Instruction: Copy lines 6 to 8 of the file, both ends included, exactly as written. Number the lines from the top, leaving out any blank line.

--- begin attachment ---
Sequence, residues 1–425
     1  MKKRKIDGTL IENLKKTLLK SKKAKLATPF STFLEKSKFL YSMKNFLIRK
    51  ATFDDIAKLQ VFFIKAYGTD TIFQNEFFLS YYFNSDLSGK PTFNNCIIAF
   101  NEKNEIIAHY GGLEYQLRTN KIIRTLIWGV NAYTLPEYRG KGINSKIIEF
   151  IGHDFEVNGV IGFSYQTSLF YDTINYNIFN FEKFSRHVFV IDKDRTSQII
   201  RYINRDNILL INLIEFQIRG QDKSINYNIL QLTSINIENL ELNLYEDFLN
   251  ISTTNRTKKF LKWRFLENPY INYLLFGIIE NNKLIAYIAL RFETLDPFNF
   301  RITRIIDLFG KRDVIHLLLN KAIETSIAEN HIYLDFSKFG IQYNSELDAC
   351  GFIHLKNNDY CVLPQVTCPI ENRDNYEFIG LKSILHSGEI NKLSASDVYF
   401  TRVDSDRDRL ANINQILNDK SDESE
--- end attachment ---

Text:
   201  RYINRDNILL INLIEFQIRG QDKSINYNIL QLTSINIENL ELNLYEDFLN
   251  ISTTNRTKKF LKWRFLENPY INYLLFGIIE NNKLIAYIAL RFETLDPFNF
   301  RITRIIDLFG KRDVIHLLLN KAIETSIAEN HIYLDFSKFG IQYNSELDAC